Once Lawrence revealed the existence of the books, he asked “leading” questions of the nurses which suggested the desired answer. In cross-examination, which Lawrence was conducting, this is permissible, at least in moderation, but the answers are not necessarily reliable. 

Cross-examining each witness, his leading questions suggested that all experienced and trained nurses made an “absolutely” accurate, “full and proper record of every injection”, together with “every­thing that happened of significance in the patient’s illness, including medicines and doctors’ visits”. He suggested that failure to do these things would have been a culpable breach of duty, and hence it was likely that the duty would have been carried out. 

Lawrence (right) built his case on the books. In his closing address he said they were “eloquent and unchallengeable” and gave “a complete picture of the medication and treatment of Mrs Morrell by Dr Adams”. The evidence in the books “prevails over anything else and excludes anything else”. On this theory the evidence in the books “excluded” Adams’s four admissions to the police on November 24, 1956, of having administered or seen to the administration of all the drugs prescribed in November 1950. It was a submission of more than Napoleonic ambition. To say that the evidence was “unchallengeable” or “complete” was a very large claim. But to say that it prevailed over any other evidence and excluded any other evidence was grossly unrealistic. 

There is an ethical rule forbidding cross-examiners—even those acting for the defence in a murder case—from demanding a particular answer to a question which, if given, would be false to the knowledge of the cross-examiner. Lawrence contravened that rule, for it is common knowledge that innumerable mistakes appear in medical records, as in any other records, even records kept by nurses, who are generally highly conscientious, skilled and dedicated professionals. 

Further, Lawrence was a difficult person with whom to disagree. Some of his questions employed a tone of flattery, but where that did not work, the nurses, even worse paid and more demeaned than they are now, were confronted with an authority figure in full cry. For Lawrence was a Queen’s Counsel, bewigged and obsessed with the prejudice he rightly saw as unfairly surrounding his client. His moods alternated between fire and ice, charm and acid rain, emollience and sharpness, affability and headmasterliness, courtesy and barking. He forced the nurses to undergo an ordeal in front of a hundred or more strangers, a large chunk of them journalists, in the Spartan environment of Court No. 1. They could not foresee when the ordeal would terminate. It is true that Sir Reginald could have objected to the questions, but the defence was under no duty to disclose the existence or content of the books to the prosecution before the trial, and at the time when the questions were asked of the first nurse, the books had not in fact been disclosed to the prosecution.

To make the questioning fair, the propositions needed qualification. The word usually appears once, but expressions like generally or time permitting or to the best of your observation are not employed.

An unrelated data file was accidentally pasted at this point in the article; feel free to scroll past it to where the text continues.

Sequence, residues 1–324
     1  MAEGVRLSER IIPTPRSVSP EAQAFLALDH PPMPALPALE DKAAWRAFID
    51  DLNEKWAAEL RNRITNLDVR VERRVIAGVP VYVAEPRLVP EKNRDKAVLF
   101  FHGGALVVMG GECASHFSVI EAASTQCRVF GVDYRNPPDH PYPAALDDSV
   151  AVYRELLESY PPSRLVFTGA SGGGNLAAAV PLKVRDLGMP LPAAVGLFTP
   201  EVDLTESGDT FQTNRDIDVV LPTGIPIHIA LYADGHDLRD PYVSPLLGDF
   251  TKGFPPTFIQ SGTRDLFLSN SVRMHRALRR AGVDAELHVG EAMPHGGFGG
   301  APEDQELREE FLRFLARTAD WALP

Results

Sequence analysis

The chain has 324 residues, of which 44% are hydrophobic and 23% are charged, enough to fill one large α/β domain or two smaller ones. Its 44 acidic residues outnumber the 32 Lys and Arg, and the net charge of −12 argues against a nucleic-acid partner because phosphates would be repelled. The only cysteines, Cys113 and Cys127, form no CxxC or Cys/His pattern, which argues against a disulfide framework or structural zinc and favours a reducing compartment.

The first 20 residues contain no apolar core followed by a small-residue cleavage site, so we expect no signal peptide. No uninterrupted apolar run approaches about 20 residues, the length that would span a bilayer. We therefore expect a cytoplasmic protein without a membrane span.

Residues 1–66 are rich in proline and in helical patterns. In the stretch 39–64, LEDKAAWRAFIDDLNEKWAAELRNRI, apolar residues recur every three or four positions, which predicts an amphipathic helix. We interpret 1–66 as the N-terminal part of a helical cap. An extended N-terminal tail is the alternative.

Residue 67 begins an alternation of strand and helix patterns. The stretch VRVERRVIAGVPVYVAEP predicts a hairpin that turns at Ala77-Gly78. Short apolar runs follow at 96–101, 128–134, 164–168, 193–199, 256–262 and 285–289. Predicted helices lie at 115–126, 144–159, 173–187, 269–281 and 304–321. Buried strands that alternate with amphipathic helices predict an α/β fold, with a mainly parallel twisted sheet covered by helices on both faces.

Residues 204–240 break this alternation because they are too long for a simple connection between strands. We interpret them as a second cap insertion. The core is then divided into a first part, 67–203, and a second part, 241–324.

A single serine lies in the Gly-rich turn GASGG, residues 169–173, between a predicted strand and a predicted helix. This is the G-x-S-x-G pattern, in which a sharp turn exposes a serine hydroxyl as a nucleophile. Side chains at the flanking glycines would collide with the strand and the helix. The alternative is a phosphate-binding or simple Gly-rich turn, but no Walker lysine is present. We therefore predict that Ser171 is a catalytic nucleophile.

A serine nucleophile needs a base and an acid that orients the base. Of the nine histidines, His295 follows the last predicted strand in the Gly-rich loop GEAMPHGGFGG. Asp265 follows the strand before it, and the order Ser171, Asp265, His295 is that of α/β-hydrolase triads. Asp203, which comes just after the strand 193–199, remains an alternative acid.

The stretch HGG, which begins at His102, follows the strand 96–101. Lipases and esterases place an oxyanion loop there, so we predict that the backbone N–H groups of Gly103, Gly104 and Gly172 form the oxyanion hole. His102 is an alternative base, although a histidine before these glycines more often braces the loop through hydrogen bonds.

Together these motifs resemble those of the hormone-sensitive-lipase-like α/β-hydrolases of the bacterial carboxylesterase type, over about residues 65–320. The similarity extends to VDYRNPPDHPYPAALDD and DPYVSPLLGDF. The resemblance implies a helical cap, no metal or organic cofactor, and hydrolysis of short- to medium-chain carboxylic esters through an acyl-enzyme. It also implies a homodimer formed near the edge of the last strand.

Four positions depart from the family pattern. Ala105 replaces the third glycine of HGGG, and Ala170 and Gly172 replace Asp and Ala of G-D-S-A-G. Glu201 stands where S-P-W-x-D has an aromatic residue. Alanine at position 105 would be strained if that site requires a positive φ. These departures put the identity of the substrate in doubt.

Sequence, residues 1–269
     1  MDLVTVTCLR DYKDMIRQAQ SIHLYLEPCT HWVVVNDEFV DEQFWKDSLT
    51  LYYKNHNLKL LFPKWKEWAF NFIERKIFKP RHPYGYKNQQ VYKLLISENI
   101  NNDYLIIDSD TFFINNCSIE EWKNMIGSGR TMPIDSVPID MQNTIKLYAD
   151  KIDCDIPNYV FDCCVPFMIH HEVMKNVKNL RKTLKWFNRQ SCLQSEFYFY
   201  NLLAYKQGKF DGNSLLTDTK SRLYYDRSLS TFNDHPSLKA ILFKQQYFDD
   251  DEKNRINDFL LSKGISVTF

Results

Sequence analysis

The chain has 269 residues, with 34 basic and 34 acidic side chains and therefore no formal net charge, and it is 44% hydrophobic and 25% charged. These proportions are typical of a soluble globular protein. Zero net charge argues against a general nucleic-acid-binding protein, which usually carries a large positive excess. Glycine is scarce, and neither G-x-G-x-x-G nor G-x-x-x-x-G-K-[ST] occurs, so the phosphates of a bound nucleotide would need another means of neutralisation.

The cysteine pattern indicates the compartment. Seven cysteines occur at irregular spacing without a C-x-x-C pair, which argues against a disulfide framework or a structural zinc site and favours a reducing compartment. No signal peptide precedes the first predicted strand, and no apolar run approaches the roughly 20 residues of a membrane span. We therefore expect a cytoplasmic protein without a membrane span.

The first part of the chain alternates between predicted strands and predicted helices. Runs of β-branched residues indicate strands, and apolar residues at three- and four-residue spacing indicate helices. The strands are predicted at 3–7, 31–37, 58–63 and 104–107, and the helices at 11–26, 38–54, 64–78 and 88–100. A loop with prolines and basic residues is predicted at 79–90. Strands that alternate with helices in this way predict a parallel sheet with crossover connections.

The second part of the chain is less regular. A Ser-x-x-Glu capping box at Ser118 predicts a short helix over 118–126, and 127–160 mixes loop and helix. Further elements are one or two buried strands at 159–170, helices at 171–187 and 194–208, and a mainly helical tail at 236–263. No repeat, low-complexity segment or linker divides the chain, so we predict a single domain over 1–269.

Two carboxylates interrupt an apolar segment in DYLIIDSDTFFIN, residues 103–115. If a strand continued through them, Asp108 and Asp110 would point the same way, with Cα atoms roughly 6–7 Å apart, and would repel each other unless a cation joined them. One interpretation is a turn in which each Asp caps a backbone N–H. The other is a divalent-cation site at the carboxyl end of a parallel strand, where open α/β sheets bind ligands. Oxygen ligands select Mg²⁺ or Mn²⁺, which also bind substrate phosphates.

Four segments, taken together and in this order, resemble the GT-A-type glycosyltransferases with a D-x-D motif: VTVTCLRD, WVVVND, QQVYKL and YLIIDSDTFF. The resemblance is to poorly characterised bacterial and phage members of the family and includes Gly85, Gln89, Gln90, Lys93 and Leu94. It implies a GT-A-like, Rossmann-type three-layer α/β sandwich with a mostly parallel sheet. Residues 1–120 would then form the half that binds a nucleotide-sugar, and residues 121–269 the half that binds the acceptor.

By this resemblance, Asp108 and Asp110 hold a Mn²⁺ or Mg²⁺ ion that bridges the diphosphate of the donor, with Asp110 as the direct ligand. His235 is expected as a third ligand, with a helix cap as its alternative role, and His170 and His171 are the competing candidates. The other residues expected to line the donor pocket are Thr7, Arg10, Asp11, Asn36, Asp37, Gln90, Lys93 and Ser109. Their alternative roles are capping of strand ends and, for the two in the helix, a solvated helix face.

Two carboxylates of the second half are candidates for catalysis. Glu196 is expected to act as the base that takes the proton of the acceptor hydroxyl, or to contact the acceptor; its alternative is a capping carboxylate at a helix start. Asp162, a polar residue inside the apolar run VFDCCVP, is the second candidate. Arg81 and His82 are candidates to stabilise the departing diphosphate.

In some respects the factual conclusions said to flow from the dogma that the nurses’ books were absolutely reliable became falsified during the trial. Thus, Lawrence mentioned the reliability of the books in relation to doctors’ visits but Dr Harris, a member of Adams’s practice, was able convincingly to contrast what the books said about the number of visits he made with his own records. He appears to have recorded twenty-eight visits to Morrell, yet the nurses’ books only recorded twenty. An error rate of 40 per cent is not trivial.

The most eminent victim of the fallacious assumptions underlying the questions seems to have been Devlin. In particular, he seemed to regard the books as totally nullifying Adams’s four admissions about his own administration of the drugs. But there is one major exception. Despite Lawrence’s doggedness, he failed to get Nurse Randall to withdraw her evidence that on November 11, 1950, hours before Morrell’s death, an injection not recorded in the nurses’ books was in fact given. After close analysis, twenty-eight years later, in Easing the Passing: The Trial of Dr John Bodkin Adams, Devlin accepted her evidence that she had given the unrecorded injection. Other parts of Nurse Randall’s testimony, though not recorded in the books, seemed to be based on vivid and credible recollections, for example, her memory of the jerkiness of Morrell’s movements in her last days.

A further qualification to Lawrence’s dogma is that a recurrent entry in the books was “special injections”. In summing up, Devlin said the jury might think that some related to vitamins, not morphia or heroin; that others may have related to morphia and heroin; but that “special injections” could not possibly account for the difference between the amounts prescribed and the amounts recorded as administered. That was a matter for the jury, not the judge. An explanation for even part of the difference tended to weaken Lawrence’s dogma. 

The existence of some legitimate disparities between what the books recorded and what the nurses testified suggests that the books contained errors in other areas. Neither Lawrence nor Devlin refuted or even seemed to contemplate that possibility.


Nurses confer

The power Lawrence had over the nurses from the time he cross-examined the first one, early on the second day, increased on the third day. Witnesses are prohibited from discussing their evidence among themselves until they have left the witness box. Devlin reminded them of this prohibition.